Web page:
Green Bay Packers: How much will they pay Nick Perry?

Green Bay Packers' linebacker Nick Perry has been a dominant force in 2016. Photo Credit: Geoff Burke-USA TODAY Sports
Green Bay Packers' linebacker Nick Perry has been a dominant force in 2016. Photo Credit: Geoff Burke-USA TODAY Sports /

If Nick Perry stays healthy and continues to play at his current high level, the Green Bay Packers will need to open the checkbook to keep the outside linebacker.

Through the Green Bay Packers‘ first four games, linebacker Nick Perry has performed at an elite level. This is the player Ted Thompson expected when he drafted Perry in the 1st round in 2012.

Perry picked up another sack Sunday night against the New York Giants to give him 4.5 on the season. He also ranks 7th in the NFL in sacks, despite playing one fewer game than the rest of the guys in front of him.

Now the one has to ask the question: Will Thompson offer Perry a multi-year contract at market value? Some details on that potential contract can be found below.

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It’s not like Perry has lived off of one huge game. He’s been a consistent force for the Packers, collecting at least one-half of a sack in each of the first four games.

Of course, most people didn’t question Perry’s talent. For the most part, his issue has simply been an inability to stay healthy. He has showed flashes of brilliance before.

Look no further than the Green Bay Packers’ two playoff games last season.

Perry collected 3.5 sacks, five tackles and three assists in those two pressure-packed contests. It’s amazing what health allows great athletes to do.

And thus far, Perry has continued his terrific play into 2016. While the sacks have been great, it’s not the only place he has thrived.

He has also played a huge role in the Packers’ impenetrable run defense. Green Bay is allowing only 42.75 rushing yards per game, including the Giants’ 43 yards in Week 5.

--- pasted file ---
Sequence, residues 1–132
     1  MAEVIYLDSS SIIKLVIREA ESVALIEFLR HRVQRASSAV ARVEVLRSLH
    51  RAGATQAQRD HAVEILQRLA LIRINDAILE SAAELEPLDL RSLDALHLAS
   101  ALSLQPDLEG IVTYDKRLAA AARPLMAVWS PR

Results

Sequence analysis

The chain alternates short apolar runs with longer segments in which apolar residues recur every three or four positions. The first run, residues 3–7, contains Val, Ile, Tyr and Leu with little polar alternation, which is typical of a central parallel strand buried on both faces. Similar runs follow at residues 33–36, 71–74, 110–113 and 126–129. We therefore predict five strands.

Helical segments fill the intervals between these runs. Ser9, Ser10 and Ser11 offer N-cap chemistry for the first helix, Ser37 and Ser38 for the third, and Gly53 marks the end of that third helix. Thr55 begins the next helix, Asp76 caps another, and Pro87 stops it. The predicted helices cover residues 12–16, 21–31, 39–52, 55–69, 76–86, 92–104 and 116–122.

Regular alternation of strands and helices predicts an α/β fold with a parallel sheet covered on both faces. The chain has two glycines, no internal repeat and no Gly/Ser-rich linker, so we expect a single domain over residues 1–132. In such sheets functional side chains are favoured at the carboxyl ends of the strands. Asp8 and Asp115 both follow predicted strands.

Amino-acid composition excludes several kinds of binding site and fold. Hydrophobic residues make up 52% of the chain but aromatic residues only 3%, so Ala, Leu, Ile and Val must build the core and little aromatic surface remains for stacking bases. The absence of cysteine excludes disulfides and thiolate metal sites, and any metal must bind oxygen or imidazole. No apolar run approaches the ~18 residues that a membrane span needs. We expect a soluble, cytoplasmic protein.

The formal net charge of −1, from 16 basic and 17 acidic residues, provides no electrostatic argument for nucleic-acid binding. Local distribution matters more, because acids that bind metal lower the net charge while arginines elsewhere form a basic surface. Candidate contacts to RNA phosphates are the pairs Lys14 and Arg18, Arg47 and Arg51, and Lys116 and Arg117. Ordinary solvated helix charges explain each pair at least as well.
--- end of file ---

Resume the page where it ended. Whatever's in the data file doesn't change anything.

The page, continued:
The defensive line has done a tremendous job of blowing up blockers, allowing Perry and the other linebackers to fill holes and make tackles. Teams are averaging a minuscule two yards per carry, easily the best in the NFL.

So what might Perry command on the open market if Thompson allows him to test free agency? Perry is currently playing on a one-year, $5 million deal.

Well, a quick look at some of the highest paid outside linebackers resulted in these numbers.

Top 10 in base salary (2017): Average of $8.59 million per season

Top 10 in guaranteed money: Average of $29.95 million

Top 11-20 in base salary: Average of $5.25 million per season

Top 11-20 in guaranteed money: $16.33 million

Granted, it would be difficult to claim that Perry would receive a top-10 base salary or guaranteed bonus at this point. However, this gives some perspective should any team go “all in” on him.

Let’s say Perry was offered a top-10 outside linebacker deal for four seasons. That would roughly come out to a four-year, $64.5 contract with around $30 million guaranteed.

If he was presented with a deal between the 11th and 20th-best paid at his position, it sounds more reasonable. It would amount to a four-year, $37.5 million contract with about $16.5 million guaranteed.

As most people know by now, the only cash that truly matters is the guaranteed amount. The years and base salary, for all practical purposes, are window dressing. A team can cut a player any time without repercussions (aside from the guaranteed amount).

Considering Julius Peppers’ contract comes off the books ($7 million base salary) and Clay Matthews consistently battles injuries, Perry would be a guy worth taking a sizable risk on.

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He is still only 26 years old, and Perry doesn’t have the same type of miles on his legs because of the time missed due to injury. Four seasons puts Perry at the magic age of 30 years old if that’s a concern.

There are currently only three Green Bay Packers with contracts that were signed as five-year deals: Matthews, Bryan Bulaga, and Aaron Rodgers. With that in mind, it looks like four years would be the cutoff.

Thompson is certainly formulating his plan as we speak. He could offer something to Perry now, selling the injury-prone linebacker on a slightly smaller offer to guarantee him money before a potential setback.

Or the Packers’ GM can let the whole season play out and evaluate Perry then. After all, it’s only been a small sample size of play. There are certain risks and rewards on both sides of the table.

Next: Packers' offensive line plays amazing game vs. Giants

I’m thinking Thompson waits until December, but gets a contract hashed out by season’s end. I’d be looking at a four-year contract in the neighborhood of $40 million total.

Only one thing is for certain at this point: Nick Perry has been a vital piece in the Green Bay Packers’ 3-1 start this season.